Bristol's Debenhams to be knocked down to build tower of 'affordable' flats

The largest tower block to house the flats will be 28 storeys high
The largest tower block will be 28 storeys high. Credit: AWW Architects

Plans to demolish a derelict department store for new tower blocks in Bristol city centre have been approved.

Debenhams has laid empty for three years, but will now be knocked down to make way for 502 new flats.

The developer now has planning permission from Bristol City Council for their major scheme on the Horsefair by the Bearpit roundabout.

The flats - 100 of which “affordable”- will be housed in several buildings including a 28 storey tower block.

More than 100 people objected to the plans, largely due to the height of the tallest tower.

The Debenhams site has been derelict in Bristol for three years Credit: ITV News

Several urged the development control committee on 24 April to refuse permission, due to the perceived harm to views across the city centre, and loss of the 1950s department store.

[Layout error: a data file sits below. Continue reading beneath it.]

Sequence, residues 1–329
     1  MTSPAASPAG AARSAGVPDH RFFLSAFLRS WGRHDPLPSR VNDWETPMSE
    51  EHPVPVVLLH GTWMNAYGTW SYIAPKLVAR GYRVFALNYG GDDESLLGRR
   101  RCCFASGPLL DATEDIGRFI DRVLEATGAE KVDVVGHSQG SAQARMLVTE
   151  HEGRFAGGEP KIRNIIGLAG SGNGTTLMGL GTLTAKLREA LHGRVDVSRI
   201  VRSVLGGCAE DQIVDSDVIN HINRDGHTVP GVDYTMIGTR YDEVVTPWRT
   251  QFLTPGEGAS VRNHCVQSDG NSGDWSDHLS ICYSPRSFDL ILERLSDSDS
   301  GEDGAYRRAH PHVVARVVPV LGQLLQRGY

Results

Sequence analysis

In response, Charlie Royle, director of developer 33 Horsefair Ltd, said: “Bristol faces an enormous housing crisis.

“For this site, a housing-led mixed use redevelopment is the only answer. We’re proposing more than 500 new homes, set along a tree-lined pedestrian retail street. One hundred of those homes will be affordable.

“Our proposal would repurpose the site into a green, attractive, safe, and vibrant place to live, work and socialise, with an additional £11 million a year spending going towards the struggling Broadmead.”

Debenhams closed down in 2021 after the company went into administration.

Over half the flats will have windows on only one side, with nine per cent of the flats being both single aspect and north-facing, creating concerns about a lack of sunlight.

Other concerns included the potential for strong winds along the north street, with the new tall towers creating a canyon effect.

At 28 storeys tall, the tower block will be one of the tallest buildings in Bristol.

Councillors on the committee were split about the plans.

A majority voted in favour of the new homes, while Greens voted against the plans.